Many small business taxpayers are facing unwelcome scrutiny from the Internal Revenue Service (“IRS”) through a new source. Recently-enacted laws require credit and debit card processors, as well as e-payment servicers, to annually report gross receipts remitted to their vendors. The IRS has started to compare segments of this reported data to receipts included in tax returns of specific taxpayers. Gaps in what the processor reports to the IRS and the amount shown on a taxpayer’s return are now resulting in IRS notices requesting additional information to evaluate the accuracy of the taxpayer’s reported income (an “Accuracy Notice”).

If a taxpayer receives an Accuracy Notice, it is critical that the taxpayer provide an appropriate response. Any reply to an Accuracy Notice should be truthful and complete in order to avoid unwarranted concern from the IRS. By failing to truthfully and fully answer an Accuracy Notice, the taxpayer is exposed to significant, and often unnecessary, legal risks. The facts underlying the collection and processing of gross income will dictate the proper response. For example, if the taxpayer properly defers the recognition of credit card proceeds generated by the sale of gift cards, a simple response explaining this fact may suffice. On the other hand, if the taxpayer determines a prior good-faith mistake led to a material underreporting of gross receipts, a proper response might include filing an amended tax return correcting the error. Not surprisingly, because the relevant facts in each case will almost always differ, a proper response must be developed on a case-by-case basis, taking into account the taxpayer’s overall tax profile.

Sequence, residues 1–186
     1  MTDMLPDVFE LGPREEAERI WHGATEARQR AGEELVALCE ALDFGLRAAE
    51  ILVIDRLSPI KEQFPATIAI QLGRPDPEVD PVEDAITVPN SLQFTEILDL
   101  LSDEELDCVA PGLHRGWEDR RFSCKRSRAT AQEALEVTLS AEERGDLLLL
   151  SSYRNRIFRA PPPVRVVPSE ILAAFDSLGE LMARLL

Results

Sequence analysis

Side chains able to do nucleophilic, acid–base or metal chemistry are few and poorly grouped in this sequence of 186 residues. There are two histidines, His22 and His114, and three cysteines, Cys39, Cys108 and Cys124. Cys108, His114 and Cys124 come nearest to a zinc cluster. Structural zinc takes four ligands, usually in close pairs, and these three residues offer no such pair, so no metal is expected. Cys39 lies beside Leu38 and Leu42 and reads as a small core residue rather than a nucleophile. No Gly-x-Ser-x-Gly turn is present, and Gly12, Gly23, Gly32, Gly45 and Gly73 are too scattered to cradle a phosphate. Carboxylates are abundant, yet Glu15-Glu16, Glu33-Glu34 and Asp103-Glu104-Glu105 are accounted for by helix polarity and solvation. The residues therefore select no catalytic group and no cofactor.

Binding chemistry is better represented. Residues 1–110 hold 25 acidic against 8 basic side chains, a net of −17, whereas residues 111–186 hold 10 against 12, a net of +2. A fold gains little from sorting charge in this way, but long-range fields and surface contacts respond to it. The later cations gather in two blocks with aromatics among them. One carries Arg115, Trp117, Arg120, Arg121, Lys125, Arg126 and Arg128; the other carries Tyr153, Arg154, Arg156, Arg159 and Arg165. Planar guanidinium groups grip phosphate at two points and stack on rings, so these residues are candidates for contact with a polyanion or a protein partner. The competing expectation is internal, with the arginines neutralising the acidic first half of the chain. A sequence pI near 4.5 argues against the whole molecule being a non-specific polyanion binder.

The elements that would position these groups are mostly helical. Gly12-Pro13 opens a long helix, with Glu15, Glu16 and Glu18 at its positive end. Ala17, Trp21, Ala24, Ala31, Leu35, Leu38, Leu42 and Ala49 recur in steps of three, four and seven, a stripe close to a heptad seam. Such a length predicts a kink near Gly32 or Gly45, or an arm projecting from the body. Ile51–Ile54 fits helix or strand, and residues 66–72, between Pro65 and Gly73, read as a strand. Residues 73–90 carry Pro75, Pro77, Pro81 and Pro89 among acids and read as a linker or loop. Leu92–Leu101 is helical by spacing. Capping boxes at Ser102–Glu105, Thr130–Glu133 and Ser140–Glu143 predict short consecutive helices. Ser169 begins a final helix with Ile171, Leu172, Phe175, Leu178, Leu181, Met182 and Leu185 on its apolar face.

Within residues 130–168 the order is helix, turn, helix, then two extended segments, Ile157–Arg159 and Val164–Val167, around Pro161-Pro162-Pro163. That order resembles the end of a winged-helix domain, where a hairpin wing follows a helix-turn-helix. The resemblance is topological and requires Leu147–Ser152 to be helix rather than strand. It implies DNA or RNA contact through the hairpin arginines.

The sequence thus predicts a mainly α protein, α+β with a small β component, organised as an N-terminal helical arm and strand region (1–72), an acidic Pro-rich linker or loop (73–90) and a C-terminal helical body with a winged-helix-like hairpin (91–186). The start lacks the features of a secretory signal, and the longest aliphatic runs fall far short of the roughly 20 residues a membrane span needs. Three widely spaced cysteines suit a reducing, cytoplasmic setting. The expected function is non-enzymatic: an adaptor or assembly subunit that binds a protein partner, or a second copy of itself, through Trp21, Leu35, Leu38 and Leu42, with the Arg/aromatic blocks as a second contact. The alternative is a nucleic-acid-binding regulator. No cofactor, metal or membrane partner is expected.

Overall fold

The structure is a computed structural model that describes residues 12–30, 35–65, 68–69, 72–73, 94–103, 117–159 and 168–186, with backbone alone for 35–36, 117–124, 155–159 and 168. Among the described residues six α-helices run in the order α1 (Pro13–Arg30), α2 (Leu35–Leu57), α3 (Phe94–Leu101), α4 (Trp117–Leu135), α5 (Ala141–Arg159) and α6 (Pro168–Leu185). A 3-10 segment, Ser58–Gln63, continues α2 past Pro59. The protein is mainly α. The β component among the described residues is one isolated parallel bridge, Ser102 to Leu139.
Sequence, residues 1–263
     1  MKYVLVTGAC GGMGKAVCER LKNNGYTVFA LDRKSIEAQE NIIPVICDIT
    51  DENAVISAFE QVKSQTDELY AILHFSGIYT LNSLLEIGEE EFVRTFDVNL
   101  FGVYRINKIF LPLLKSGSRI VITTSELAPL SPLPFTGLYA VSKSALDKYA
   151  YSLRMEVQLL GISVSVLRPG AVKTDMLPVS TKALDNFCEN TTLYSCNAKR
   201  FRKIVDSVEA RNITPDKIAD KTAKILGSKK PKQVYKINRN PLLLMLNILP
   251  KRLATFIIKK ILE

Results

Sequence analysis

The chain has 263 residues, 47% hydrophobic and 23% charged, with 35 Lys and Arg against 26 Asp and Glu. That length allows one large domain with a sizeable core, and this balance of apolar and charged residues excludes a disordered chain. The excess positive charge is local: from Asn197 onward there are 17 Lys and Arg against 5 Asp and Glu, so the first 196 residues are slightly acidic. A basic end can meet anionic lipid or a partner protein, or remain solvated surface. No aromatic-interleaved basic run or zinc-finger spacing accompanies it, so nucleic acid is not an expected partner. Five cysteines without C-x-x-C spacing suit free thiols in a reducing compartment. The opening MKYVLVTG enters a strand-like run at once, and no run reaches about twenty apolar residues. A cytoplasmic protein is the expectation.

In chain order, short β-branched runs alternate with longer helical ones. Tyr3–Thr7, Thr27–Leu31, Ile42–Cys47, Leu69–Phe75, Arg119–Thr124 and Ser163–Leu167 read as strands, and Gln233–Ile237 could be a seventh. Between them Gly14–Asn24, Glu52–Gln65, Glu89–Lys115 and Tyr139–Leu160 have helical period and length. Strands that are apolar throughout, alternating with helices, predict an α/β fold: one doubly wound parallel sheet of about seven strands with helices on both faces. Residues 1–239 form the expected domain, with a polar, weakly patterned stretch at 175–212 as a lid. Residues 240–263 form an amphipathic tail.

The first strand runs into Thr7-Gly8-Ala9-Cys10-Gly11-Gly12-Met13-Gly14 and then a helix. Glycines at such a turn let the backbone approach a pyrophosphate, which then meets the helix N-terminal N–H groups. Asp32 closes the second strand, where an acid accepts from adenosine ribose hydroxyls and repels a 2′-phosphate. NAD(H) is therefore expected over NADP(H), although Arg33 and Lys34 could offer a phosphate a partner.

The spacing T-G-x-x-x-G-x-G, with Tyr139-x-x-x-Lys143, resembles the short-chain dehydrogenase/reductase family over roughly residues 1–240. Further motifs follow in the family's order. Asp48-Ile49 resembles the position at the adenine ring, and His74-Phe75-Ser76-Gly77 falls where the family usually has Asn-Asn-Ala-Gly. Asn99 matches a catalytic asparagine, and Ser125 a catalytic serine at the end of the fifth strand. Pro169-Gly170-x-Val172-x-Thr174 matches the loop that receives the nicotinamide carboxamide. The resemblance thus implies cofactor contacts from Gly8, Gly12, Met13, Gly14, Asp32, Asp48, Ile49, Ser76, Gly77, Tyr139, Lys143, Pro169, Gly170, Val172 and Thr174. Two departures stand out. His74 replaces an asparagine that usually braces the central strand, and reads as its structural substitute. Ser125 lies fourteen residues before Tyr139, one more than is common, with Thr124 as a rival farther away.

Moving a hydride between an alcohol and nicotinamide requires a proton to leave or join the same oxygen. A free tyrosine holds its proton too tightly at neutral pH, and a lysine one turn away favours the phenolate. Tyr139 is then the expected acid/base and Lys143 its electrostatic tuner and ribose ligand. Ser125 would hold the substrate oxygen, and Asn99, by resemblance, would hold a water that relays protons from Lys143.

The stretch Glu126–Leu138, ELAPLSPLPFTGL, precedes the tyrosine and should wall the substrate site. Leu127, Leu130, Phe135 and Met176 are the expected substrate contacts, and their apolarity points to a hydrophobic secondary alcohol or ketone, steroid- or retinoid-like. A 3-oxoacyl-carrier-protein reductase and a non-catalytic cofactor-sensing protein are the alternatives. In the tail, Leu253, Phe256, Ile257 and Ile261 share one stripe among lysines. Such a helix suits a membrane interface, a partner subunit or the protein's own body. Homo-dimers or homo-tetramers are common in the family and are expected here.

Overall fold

Of course, this new level of information matching by the IRS to target income underreporting comes as no surprise. Recent U.S. Treasury estimates suggest underreporting tax liability is one of the more significant causes of revenue loss to our country. The Accuracy Notice program combats this loss by generating taxpayer-specific federal income tax audits of the recipients and likely serves as a general deterrent to tax underreporting, particularly when done through a mass-mailing campaign.

We believe the current IRS Notice program will increase tax compliance costs for both the honest small business taxpayer and the under-reporter alike.